youtube with gnash / and thoughts on gnme-2.28

Simon Geard delgarde at ihug.co.nz
Tue Nov 24 01:05:19 PST 2009


On Tue, 2009-11-24 at 00:27 +0000, Ken Moffat wrote:
>  FWIW, I tried a minimal gnome, based on what I'd
> been using for 2.26.  GConf2 needs hal, or something
> else I'd rather not have, so I stuck with 2.26 for that.

GConf 2.28 doesn't use Hal, but it does have use Policykit, which I
guess is what you meant. Looks to be optional, though - without it,
you'll be missing a "defaults service", whatever that might be... I'd
guess something to do with administering standard desktop
configurations, so probably not of much use on your personal desktop...

> Everything built, but yelp/help in applications was
> generally b0rken.  For me, the idea was to use
> webkit in epiphany, so that I don't have to rebuild that
> every time I rebuild gecko.  Works, but can't reliably
> save passwords (a known problem).  Yelp-webkit has
> now been merged upstream (available from debian),
> but that didn't work either.

Yeah, Epiphany/Webkit works reasonably well, but still has a few
features not quite there. As for Yelp, I tried building a snapshot a
while back (just after the webkit merge), but couldn't get it
building... maybe I should try again.

>   And to cap it all, I still
> needed nss/nspr for something (totem, I think), so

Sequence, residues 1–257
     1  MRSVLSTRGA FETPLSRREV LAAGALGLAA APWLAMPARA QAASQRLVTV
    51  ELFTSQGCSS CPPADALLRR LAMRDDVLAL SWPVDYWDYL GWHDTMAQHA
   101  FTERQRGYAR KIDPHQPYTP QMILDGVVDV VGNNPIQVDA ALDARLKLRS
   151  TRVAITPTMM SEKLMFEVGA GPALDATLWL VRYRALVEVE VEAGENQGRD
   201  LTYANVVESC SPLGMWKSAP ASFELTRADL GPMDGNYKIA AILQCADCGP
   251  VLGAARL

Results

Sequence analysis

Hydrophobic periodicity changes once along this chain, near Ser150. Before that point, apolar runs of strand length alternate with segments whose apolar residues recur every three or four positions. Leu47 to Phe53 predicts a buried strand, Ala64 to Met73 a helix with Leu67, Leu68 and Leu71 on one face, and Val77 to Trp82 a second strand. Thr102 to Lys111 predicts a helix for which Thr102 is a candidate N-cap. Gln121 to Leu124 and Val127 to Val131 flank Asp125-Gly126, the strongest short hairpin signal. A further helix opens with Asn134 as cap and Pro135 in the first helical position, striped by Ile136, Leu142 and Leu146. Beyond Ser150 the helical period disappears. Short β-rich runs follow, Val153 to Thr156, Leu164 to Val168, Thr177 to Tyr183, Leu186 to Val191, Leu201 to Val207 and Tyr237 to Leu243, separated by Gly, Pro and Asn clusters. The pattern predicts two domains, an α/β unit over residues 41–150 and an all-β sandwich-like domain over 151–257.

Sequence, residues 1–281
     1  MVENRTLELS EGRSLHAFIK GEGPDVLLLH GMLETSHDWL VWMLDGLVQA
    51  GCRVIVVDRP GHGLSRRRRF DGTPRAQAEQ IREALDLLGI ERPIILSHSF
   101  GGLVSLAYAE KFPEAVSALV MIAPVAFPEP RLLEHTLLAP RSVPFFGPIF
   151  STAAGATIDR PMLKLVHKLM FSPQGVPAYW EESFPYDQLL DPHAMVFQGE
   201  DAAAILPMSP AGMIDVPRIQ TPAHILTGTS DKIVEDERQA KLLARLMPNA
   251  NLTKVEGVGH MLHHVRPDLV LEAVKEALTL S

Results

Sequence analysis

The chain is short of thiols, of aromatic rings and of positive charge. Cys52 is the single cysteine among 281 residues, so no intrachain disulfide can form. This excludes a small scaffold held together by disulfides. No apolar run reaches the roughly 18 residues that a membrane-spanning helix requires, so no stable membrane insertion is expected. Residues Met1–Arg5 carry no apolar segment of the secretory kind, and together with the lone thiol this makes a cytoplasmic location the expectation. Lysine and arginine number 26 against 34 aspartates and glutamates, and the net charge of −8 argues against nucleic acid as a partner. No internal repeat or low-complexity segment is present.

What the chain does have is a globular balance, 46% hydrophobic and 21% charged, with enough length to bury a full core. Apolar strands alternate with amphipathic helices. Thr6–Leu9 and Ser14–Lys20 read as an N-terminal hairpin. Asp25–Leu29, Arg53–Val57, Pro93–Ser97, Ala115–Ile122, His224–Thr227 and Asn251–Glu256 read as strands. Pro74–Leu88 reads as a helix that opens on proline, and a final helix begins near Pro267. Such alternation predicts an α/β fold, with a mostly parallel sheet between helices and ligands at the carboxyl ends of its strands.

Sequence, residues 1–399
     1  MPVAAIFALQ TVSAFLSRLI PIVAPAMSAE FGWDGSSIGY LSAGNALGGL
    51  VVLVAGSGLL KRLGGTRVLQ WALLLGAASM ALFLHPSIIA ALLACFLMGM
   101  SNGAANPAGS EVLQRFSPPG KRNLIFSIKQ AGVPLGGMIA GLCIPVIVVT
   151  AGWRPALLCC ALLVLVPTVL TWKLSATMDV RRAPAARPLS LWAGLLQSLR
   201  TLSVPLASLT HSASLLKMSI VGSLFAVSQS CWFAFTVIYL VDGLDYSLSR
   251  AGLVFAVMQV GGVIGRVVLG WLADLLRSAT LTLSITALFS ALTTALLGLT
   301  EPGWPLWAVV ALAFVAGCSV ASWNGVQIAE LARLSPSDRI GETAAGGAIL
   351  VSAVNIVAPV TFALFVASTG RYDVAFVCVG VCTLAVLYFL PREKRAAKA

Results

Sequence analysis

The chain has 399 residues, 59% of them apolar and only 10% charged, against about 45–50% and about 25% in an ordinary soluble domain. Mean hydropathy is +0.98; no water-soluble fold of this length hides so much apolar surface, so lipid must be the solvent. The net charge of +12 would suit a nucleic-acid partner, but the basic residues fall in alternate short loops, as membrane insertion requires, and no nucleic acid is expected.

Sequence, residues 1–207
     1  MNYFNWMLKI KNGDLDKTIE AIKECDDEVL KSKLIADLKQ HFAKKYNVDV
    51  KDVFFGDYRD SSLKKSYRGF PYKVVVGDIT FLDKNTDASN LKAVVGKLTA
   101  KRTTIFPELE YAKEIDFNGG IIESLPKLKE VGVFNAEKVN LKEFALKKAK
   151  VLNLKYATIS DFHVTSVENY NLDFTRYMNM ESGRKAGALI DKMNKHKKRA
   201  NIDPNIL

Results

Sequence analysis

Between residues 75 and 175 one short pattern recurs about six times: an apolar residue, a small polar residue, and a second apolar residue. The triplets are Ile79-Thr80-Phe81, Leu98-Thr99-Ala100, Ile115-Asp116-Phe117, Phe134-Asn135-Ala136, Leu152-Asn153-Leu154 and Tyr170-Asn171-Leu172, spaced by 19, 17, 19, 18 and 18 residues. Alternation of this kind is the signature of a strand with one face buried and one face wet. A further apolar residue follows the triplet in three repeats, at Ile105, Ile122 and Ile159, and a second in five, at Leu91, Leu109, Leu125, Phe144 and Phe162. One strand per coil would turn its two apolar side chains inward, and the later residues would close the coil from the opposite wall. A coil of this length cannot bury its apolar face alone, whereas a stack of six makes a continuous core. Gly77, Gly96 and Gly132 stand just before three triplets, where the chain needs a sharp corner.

> doing without xulrunner didn't work.  Maybe I'll just
> go back to plain 2.26 for now, I can't say that I saw
> any other "must have" features in gnome 2.28.

For anything that depends only on NSS/NSPR and not Xul, the standalone
packages for those work just fine. I'm looking forward to Yelp-webkit
myself, so I can avoid having separate xulrunner/firefox builds...

>  Perhaps, by the time gnome-2.30 comes out,
> I'll be reconciled to hal and ready to try pulse
> audio, but for now I'd rather have something
> straightforward and simple that just works.

By the time Gnome 2.30 comes out, HAL will probably no longer be used -
it was initially going to be replaced by a successor called DeviceKit,
until people realised that Udev already provided most of the
functionality.

The favored approach now seems to be for applications to use libudev to
get info about devices, or more lightweight daemons like DeviceKit-disks
or DeviceKit-power for stuff like mounting/formatting disks or power
management. Gnome 2.28 already adds quite a lot of support for doing
things that way...

Simon.
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